An Opera for Animals was first staged at Para Site in Hong Kong between 23 March and 2 June 2019, with works by over 48 artists and collectives that use opera as a metaphor for modes of contemporary, cross-disciplinary art-making. The exhibition's second iteration takes up a large portion of the Rockbund Art Museum (RAM) in Shanghai (22 June–25...
Moving across installation, painting, drawing, and writing, Malaysia-born and London-based artist Mandy El-Sayegh explores the political, social, and economic complexities of humanity, using a mosaic of information—from advertising slogans and pornographic imagery to newspaper articles—that she subjects to processes of layering,...
Get Up Stand Up Now: Generations of Black Creative Pioneers at Somerset House in London (12 June–15 September 2019) surveys more than half a century of black creativity in Britain and beyond across the fields of art, film, photography, music, design, fashion, and literature.Curated by Zak Ové, works by approximately 100 intergenerational black...
On Tuesday, June 25, 2019, a two-person show featuring Rubbing by Jiro Takamatsu and works from Robert Morris's 'Blind Time' series commenced at the Yumiko Chiba Associates viewing room shinjuku.
Jiro Takamatsu's 'Rubbing' is a series of drawings the artist began to produce in 1970. By the early '70s, Takamatsu was a respected figure in the contemporary art world, having already presented some of the most important work of his career, such as the Shadow, Perspective and Oneness series. In parallel, Takamatsu also worked on a large number of drawings, including his rubbings. For these, he would draw black geometric forms on paper, and rub them using his fingers or other means to create pictures in which disharmony and white noise intervene in pure forms. By adding the act of rubbing, it could also be said that Takamatsu was highlighting the material nature of paint, and attempting to shift pure forms into physical time and space.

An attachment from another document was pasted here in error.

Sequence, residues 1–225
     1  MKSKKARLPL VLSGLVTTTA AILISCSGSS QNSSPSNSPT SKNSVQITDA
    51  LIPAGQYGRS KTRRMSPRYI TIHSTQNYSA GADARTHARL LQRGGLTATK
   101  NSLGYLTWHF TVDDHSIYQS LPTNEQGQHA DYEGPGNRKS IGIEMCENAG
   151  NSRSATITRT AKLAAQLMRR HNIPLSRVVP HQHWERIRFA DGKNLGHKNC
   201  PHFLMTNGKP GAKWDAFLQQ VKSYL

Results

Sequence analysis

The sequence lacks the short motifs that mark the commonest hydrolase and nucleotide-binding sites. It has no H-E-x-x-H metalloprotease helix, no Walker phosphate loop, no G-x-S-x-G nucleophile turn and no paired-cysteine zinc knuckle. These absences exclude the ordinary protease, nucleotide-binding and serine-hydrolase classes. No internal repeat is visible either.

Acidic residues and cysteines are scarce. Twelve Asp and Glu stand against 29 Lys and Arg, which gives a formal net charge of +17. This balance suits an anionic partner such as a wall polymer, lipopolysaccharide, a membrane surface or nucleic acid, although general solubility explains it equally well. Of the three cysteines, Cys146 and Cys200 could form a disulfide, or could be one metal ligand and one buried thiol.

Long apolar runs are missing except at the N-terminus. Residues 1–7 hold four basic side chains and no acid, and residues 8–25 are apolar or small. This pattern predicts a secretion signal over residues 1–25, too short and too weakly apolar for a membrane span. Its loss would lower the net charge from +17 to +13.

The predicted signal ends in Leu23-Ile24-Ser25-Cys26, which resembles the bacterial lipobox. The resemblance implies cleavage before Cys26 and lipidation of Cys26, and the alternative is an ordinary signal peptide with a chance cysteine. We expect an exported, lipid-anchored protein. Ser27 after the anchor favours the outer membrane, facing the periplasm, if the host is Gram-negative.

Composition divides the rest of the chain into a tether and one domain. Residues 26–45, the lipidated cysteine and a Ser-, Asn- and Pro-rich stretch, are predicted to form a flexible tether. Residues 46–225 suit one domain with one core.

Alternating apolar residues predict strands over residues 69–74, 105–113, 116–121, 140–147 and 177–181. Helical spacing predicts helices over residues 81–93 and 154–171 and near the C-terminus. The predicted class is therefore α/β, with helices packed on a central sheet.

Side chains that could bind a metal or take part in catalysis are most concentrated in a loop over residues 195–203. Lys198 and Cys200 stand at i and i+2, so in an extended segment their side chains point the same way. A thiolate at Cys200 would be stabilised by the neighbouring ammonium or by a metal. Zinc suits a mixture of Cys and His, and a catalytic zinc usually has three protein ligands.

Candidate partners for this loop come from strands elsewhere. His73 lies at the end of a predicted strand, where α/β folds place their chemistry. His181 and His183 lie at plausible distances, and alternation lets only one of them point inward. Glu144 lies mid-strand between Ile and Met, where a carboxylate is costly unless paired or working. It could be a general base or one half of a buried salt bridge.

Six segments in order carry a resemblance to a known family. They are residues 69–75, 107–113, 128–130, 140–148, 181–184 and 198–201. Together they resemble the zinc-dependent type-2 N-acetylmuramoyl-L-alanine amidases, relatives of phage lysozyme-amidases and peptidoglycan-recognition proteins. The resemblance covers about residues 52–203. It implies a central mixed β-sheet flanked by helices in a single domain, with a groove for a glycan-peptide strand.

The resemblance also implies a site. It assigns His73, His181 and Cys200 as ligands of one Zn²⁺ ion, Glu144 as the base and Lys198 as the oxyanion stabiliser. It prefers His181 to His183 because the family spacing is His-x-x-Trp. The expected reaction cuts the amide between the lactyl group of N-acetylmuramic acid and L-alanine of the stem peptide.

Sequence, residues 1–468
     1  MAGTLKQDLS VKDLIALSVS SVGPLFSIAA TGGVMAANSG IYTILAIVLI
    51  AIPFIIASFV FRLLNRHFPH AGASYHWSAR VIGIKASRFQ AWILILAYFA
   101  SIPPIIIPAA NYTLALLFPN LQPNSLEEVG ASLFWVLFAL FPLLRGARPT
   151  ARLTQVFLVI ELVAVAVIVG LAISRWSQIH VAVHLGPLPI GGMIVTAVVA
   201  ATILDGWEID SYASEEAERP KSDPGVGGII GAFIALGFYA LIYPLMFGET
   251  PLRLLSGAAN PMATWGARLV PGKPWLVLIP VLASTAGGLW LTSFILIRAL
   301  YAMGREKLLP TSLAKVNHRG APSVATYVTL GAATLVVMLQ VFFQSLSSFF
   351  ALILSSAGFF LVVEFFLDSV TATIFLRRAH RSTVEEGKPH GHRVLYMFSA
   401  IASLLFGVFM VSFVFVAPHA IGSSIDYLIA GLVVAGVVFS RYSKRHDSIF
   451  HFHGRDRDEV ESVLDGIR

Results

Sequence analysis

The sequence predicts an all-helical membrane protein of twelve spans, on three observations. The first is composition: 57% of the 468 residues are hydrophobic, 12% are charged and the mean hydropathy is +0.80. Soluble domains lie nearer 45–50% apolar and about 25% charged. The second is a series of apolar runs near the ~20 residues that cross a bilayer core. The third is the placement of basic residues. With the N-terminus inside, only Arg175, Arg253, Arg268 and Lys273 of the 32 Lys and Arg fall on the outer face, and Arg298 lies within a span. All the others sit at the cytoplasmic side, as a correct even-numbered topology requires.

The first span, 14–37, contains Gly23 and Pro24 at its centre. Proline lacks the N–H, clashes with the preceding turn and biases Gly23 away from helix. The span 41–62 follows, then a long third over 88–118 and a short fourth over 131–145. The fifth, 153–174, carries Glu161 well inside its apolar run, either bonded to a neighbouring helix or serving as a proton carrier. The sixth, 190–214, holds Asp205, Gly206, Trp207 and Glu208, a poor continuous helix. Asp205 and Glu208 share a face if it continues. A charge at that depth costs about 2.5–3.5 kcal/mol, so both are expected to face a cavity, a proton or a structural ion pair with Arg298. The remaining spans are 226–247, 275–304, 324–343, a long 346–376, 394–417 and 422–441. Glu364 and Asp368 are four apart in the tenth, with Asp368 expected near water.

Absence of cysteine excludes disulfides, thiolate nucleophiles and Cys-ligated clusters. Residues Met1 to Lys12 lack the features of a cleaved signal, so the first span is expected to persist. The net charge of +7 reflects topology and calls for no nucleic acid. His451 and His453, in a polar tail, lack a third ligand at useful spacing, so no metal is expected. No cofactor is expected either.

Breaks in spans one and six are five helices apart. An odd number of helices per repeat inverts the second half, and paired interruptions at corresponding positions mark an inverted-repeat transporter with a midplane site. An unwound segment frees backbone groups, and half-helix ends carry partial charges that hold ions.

Robert Morris, who died last year, is considered a leading figure in Minimalist and Conceptual art of the same period. In 1973 he began to work on what he dubbed his 'Blind Time' drawing series. Changing techniques and materials over the years, Morris produced several series of Blind Time drawings between 1973 and 2001. In them, he experimented with drawing in a sightless state, rendering himself blind by obstructing his vision. Morris made these works using the fingers of both hands to rub graphite or ink directly on the support. Fundamentally, all of the Blind Time series were grounded in the concept of finding 'a basis for drawing other than straightforward representation, on the one hand, and the nonrepresentational on the other,'1 in what was at once Morris's way of challenging the history of Western art, with its reliance on the visual, and simultaneously expressing his interest in the workings of the spirit when an individual is deprived of external perceptual information.
Both groups of works, coincidentally undertaken by Jiro Takamatsu and Robert Morris during the same period, involved direct physical intervention by the artist in the picture plane, inserting doubts about visuality, and the purity of conceptual forms. Focusing on this feature common to both, the exhibition will be divided into two separate periods: the first consisting of six of Takamatsu's Rubbing drawings and three from Morris's Blind Time series, and the second, in addition to three works by Morris from the 1970s, examples from the Blind Time series produced in the '80s and '90s (there will be no display of works by Takamatsu in the second half). Don't miss the opportunity to view these works exploring shared concerns and processes by two artists central to the development of contemporary art, working on opposite sides of the globe.
Part I of the exhibition, Jiro Takamatsu & Robert Morris from the 1970's, will be open 25 June–31 July 2019.
Part II of the exhibition, Solo Show of Robert Morris, will be open 3–31 August 2019.
1. Robert Morris, 'Writing with Davidson: Some Afterthoughts after Doing Blind Time IV: Drawing with Davidson,' Critical Inquiry 19 (Summer 1993). p. 619.
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